Does Minnesota Open Data plan to link to other states' datasets?

Not at this time. However, multiple states are collaborating on how to best implement this aspect consistently. States may simply provide links to other participating states' equivalent data transparency website.

What is the plan for expanding the number of datasets made available through Minnesota Open Data?

Additional datasets and tools will be added regularly as a result of agency submissions and in response to specific requests made by users of the site. The content, structure, and scope of the site will evolve over time and the catalogs will continue to grow as datasets are added.

What standards were used to develop the metadata displayed on Minnesota Open Data?

Minnesota Open Data uses an adaptation of the Dublin Core metadata standard.

Who developed Minnesota Open Data?

Minnesota Open Data is an initiative of Minnesota's State CIO to present a tool to support open government. The Office of Enterprise Technology developed the website in cooperation with data owners across multiple state agencies and organizations. The website is also hosted and supported by the Office of Enterprise Technology.

How does Minnesota Open Data adhere to accessibility standards?

Our commitment and adherence to Section 508 and accessibility standards are reflected in our efforts to ensure that all users have access to all content and required functionality on Minnesota Open Data.

  • This website has been tested for compliance with Section 508 of the Rehabilitation Act using a technical standards check-list, in-depth testing with screen readers, policy experts, and person with disabilities. For more information on Section 508 technical standards please visit www.Section508.gov.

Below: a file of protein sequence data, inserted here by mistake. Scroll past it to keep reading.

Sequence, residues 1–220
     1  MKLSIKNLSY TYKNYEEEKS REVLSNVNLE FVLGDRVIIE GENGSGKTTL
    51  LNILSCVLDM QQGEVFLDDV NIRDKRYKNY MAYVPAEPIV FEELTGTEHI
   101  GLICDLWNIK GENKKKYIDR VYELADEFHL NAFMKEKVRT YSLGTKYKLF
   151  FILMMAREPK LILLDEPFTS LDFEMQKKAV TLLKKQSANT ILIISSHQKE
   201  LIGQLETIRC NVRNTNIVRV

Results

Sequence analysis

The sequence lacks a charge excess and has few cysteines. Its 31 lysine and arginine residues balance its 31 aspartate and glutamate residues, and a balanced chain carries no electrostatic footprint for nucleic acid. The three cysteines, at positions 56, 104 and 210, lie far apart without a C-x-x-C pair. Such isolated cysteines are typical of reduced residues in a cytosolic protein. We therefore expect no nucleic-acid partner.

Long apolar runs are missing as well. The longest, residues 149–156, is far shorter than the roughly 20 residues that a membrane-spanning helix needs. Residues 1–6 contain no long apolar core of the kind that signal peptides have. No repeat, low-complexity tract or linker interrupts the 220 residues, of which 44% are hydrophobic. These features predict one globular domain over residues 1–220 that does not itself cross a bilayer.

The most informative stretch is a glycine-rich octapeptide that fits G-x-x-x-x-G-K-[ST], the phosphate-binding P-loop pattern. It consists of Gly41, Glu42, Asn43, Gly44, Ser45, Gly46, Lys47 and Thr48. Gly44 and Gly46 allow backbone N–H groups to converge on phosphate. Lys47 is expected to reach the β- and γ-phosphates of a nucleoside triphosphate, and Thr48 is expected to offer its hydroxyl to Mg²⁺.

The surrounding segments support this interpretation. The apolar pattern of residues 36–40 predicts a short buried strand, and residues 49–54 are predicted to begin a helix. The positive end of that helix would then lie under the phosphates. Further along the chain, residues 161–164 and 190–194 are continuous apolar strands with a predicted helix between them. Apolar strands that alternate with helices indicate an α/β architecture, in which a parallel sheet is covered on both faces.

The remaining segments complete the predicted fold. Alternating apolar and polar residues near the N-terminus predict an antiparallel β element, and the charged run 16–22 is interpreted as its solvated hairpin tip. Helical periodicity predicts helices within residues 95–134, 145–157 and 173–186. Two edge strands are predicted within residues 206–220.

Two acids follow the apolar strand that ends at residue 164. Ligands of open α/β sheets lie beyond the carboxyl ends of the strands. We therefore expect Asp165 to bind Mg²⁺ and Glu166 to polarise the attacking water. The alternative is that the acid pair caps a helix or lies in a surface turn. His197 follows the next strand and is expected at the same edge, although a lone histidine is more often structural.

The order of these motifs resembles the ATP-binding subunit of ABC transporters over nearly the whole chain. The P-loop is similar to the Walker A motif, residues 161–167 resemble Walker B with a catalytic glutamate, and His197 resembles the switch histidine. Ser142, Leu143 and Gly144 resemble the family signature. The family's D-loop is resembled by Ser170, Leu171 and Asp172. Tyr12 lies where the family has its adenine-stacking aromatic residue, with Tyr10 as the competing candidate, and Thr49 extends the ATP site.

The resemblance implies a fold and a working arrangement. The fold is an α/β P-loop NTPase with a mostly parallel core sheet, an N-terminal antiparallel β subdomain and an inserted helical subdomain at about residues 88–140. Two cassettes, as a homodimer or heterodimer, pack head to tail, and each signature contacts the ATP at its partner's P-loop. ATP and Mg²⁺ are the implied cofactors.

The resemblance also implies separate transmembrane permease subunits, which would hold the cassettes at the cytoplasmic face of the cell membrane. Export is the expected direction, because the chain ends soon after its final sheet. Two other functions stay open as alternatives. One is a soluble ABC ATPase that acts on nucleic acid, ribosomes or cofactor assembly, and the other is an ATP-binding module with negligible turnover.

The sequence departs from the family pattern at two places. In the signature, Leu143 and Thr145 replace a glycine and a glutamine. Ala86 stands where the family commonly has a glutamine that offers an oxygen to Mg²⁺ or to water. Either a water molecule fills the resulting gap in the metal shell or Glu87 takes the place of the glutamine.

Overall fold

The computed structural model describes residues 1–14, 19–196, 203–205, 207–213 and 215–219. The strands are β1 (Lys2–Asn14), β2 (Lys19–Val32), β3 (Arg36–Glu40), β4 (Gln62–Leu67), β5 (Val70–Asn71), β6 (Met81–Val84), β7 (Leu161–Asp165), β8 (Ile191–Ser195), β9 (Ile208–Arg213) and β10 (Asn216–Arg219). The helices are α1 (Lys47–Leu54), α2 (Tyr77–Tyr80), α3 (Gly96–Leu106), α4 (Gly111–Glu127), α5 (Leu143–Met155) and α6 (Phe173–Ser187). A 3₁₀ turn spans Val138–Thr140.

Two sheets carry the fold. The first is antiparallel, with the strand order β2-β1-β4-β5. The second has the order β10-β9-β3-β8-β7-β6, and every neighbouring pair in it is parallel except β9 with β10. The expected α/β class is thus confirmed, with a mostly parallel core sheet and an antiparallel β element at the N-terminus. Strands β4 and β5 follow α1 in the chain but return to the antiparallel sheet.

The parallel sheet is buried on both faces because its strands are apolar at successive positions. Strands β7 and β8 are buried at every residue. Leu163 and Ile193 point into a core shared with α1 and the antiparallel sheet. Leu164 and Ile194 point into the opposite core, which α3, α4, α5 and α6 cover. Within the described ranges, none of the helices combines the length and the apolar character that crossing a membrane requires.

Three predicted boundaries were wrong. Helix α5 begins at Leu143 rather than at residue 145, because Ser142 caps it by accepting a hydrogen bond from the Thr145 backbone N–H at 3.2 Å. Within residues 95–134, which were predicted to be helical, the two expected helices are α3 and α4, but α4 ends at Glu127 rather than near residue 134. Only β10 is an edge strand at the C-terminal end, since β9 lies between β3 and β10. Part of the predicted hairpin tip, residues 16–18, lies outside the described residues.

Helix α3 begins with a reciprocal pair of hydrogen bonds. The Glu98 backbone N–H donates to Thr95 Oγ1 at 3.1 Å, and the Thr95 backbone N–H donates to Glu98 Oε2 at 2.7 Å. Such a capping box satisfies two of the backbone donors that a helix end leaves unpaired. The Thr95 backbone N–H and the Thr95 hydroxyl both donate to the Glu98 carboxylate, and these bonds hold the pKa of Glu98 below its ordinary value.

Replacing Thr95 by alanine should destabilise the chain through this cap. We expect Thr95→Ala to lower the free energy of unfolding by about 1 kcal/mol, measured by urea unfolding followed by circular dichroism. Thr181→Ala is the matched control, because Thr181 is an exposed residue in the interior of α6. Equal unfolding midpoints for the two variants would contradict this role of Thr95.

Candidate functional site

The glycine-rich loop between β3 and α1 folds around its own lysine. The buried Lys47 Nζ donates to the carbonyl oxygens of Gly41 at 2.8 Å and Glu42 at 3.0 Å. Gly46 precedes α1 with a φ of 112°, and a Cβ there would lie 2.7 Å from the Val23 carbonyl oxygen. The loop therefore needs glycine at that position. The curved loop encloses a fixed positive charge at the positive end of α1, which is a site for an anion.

• Minnesota Open Data is also routinely reviewed for alignment with the latest Web Accessibility Initiative Guidelines set forth by the W3C. The Web Accessibility Initiative Guidelines define how browsers, media players, and other "user agents" support people with disabilities and work assistive technologies.

  • Where necessary, inline images in our content contain alt tags when information is being conveye. These alt tags aid users that rely on screen readers to read back to them the contents of a website. In addition, "skip to" links have been provided for these users, giving them a method for bypassing the header and main menu, and going directly to the main content each time a page is accessed. Where applicable, text transcripts accompany audio clips, and closed-captioning is available on videos.

  • With respect to the accessibility of Adobe Portable Document Format (PDF), users can get information from the Adobe Reader accessibility website.

  • In addition to adhering to the standards laid out in the Section 508 guidelines and the WCAG 2.0 guidelines, the Minnesota Open Data website was built from the ground up with the best possible experience in mind for all users. If you use assistive technology (such as a screen reader, eye tracking device, voice recognition software, etc.) and have difficulty accessing information on Minnesota Open Data, please contact us and provide the URL (web address) of the material you tried to access, the problem you experienced, and your contact information. A Minnesota Open Data team member will contact you and attempt to provide the information you're seeking and find a solution for the problem. Please note that we are not responsible for the websites we link to, their content, and the degree of compliance to Section 508 and/or WCAG guidelines.